Molecular Gastronomy for Dummies.

                        1 Reply
                        1. re: Robert Lauriston
                          oakjoan Nov 14, 2006 04:45 PM

                          This is either the greatest joke I ever heard or the weirdest book I ever heard of.

                        2. b
                          bwvanleeuwen1 Nov 14, 2006 04:31 PM

                          Kitchen of Light is a wonderful new sacandinavian cookbook. A must!

                          1. Candy Nov 14, 2006 04:28 PM

                            You might try starting with Keller's Bouchon book. The recipes are doable but can be a bit of a reach for the home cook. I have looked at the Trotter books but decided that they were a bit too way out there for me to get interested in. That help?

                            2 Replies
                            1. re: Candy
                              oakjoan Nov 14, 2006 04:50 PM

                              Isn't Keller's book recipes from his place in Napa? And aren't the recipes for clasic stuff like coq au vin, etc? How is this "unusual"? This isn't a snippy question, I really would like to know.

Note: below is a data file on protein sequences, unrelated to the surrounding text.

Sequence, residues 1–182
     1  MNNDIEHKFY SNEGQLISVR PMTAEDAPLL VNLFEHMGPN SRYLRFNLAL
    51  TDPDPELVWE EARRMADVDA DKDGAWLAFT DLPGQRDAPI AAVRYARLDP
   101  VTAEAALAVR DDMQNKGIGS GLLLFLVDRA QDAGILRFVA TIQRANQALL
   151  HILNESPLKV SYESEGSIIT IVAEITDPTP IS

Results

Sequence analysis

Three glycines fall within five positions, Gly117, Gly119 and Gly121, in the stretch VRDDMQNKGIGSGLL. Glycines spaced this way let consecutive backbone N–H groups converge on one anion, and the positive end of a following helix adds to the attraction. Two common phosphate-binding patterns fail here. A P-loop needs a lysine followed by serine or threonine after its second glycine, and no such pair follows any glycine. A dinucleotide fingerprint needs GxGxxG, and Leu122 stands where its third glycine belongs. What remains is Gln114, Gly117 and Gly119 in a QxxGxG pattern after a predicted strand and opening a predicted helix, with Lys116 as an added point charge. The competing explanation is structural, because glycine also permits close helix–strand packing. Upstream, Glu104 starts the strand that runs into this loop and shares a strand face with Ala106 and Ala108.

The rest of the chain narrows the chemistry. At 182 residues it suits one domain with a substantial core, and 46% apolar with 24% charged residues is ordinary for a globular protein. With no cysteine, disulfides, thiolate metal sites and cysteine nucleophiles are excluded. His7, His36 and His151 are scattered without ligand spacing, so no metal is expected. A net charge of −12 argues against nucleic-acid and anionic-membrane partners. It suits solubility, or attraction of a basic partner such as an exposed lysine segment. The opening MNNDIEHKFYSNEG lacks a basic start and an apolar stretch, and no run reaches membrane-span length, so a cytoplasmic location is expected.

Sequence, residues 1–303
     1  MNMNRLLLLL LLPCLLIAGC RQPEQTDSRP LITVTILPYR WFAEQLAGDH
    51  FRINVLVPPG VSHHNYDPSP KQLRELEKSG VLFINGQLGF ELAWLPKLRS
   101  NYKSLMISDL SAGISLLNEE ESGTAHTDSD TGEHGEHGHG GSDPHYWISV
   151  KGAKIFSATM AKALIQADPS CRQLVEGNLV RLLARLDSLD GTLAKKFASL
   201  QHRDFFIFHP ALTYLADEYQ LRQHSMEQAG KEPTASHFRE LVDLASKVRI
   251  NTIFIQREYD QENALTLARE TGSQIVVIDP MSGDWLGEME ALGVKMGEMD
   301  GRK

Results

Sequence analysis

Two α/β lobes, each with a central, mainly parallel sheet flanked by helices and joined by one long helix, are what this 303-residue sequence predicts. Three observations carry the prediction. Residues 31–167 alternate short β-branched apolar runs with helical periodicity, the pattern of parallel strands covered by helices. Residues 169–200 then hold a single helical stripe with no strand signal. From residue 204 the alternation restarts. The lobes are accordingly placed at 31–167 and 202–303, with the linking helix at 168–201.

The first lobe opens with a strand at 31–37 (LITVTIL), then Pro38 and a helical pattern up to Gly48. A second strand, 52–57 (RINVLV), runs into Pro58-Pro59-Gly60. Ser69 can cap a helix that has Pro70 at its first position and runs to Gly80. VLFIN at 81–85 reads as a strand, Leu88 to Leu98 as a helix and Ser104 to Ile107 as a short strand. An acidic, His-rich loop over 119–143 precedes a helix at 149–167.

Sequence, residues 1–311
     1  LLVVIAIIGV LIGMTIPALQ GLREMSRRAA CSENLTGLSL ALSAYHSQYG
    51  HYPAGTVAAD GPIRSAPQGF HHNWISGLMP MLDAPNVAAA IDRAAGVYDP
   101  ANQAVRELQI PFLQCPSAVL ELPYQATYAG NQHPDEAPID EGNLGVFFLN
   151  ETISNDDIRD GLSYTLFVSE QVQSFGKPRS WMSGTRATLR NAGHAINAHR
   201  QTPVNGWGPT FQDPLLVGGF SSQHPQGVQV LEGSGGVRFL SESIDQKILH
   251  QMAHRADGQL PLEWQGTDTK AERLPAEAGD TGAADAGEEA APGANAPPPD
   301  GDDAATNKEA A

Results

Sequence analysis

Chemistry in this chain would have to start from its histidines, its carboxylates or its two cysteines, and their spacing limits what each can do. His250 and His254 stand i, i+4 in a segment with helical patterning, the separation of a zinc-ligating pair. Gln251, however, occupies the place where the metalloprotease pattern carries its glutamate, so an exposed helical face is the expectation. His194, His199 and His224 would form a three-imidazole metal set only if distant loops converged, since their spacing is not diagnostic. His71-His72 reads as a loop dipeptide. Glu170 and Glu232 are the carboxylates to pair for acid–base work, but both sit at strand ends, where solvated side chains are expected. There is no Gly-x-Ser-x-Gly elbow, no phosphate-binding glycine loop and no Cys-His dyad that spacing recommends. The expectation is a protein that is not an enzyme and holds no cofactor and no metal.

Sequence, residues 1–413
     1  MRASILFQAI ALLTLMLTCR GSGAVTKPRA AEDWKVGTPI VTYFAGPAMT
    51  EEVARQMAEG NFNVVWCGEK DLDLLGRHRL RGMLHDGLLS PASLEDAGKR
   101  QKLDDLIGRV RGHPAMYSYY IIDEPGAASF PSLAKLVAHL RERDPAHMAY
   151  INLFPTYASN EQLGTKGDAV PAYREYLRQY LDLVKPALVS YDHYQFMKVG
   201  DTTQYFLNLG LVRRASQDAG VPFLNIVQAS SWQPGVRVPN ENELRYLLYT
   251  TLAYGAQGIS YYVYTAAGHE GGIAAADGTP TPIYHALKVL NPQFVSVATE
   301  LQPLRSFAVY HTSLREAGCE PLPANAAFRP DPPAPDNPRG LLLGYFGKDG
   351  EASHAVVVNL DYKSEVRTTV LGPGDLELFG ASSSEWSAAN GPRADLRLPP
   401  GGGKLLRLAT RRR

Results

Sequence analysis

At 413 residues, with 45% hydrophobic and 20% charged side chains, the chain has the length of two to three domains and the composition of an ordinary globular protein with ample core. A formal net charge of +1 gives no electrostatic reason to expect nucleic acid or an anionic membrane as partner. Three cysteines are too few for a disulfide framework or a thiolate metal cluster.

1. re: oakjoan
                                Candy Nov 14, 2006 05:43 PM

                                Yes a lot of it is classics but at a very high standard. It is not stuff you can whip up in minutes. The pork trotters I made from the book with the sauce Gribiche was about a 3 day process. Cooking from the book requires a higher level of skill than say the Les Halles book by Bourdain.

                            2. z
                              zelu koloria Nov 14, 2006 04:09 PM

                              just any cookbooks with unusual recipes in it like the kind of food they would cook at el bulli or the fat duck but for less skilled people.

                              1. Candy Nov 14, 2006 03:12 PM

                                Can you be a little more specific?